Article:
In true repentance, there is conviction, contrition, and conversion as one turns from his sin to Christ for salvation.. Salvation is deliverance of a person form his sin, not merely from a sinful environment. Jesus Christ is the Saviour from not only the penalty and punishment of sin, but also the power of sin.
We don’t hear many calls to repentance today, and I wonder if one of the main causes is that we have lost a Biblical view of self and of sin. We prefer to only concentrate on the love of God for us, and neglect the fact that we only see the depth of that love when we recognize how unworthy we are, and how desperately we need to be saved. We have bought into a cheap grace that forgives without thought and without effort, and we have responded in kind – without giving much thought or much effort to God in how we live from day to day. We have lost the truth of repentance because we have lost the weight of sin.
And so I invite you on a Lenten journey of repentance. A journey which might very well save you, from all the hell of sin in this life and quite possibly in the next.
This is not a journey of guilt, but of life. It is not a journey of despair, but of hope. It is not a journey of condemnation but of forgiveness. It is not a journey of personal effort, but of submission and acceptance of repentance as a gift of God.
But it is a journey done God’s way. Do you wonder why your life is not the way neither you nor God want it? Do you wonder why some of the ministries of our church lack effectiveness and power? I suggest to you that it is because we have, for the most part, tried to deal with our sin the easy way – surface level confession; rather than the hard way – deep repentance.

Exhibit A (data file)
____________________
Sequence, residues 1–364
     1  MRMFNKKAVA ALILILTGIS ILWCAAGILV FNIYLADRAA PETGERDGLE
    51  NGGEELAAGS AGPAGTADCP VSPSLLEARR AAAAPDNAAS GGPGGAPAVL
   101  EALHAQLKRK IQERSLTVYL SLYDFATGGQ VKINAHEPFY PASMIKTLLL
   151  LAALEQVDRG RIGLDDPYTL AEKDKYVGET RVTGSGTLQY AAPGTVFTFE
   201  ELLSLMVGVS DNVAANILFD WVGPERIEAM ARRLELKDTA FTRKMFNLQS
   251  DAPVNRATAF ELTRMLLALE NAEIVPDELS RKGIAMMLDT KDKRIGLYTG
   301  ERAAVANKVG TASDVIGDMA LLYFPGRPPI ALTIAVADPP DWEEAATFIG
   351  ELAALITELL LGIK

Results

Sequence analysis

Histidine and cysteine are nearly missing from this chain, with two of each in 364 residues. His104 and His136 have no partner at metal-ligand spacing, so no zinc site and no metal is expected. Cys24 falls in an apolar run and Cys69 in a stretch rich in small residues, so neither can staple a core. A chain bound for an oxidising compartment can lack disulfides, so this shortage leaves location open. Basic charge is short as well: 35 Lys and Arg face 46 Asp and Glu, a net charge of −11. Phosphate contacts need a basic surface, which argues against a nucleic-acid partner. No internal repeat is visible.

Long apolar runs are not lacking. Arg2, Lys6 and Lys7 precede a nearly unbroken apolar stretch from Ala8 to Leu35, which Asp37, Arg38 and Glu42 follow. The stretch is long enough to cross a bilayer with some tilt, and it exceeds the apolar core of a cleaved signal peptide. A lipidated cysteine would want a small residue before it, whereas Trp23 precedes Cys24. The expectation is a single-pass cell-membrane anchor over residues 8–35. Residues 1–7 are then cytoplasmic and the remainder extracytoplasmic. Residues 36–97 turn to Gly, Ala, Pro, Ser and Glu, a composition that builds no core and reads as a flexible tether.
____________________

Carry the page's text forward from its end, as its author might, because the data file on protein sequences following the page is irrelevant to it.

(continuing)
God’s way is not through self-help, the encouragement to find the good in yourself, or through cheap entertainment. God’s way is through death – first the death of Jesus on the cross, then through our death to self. God’s way is through death, on a path that leads to life; our way attempts to avoid death, attempts to deny death, and so keeps us wrapped in the clutches of death rather than being saved from it.
The Journey Begins:
Our journey begins here, at the Lord’s table. There is great, beautiful irony here – for it is a table of death: “For whenever you eat this bread and drink this cup, you proclaim the Lord’s death until he comes” (1 Cor 11:26). And yet it is also a table of life, as we remember that the death of Jesus brings us life. Let us remember today the price at which that life comes – the death of the Son of God. Let us then remember that it comes freely to us. And then let us make a decision about how we will respond to the call of God to each of us through His Word: “Repent and be baptized, every one of you, in the name of Jesus Christ for the forgiveness of your sins. And you will receive the gift of the Holy Spirit.”.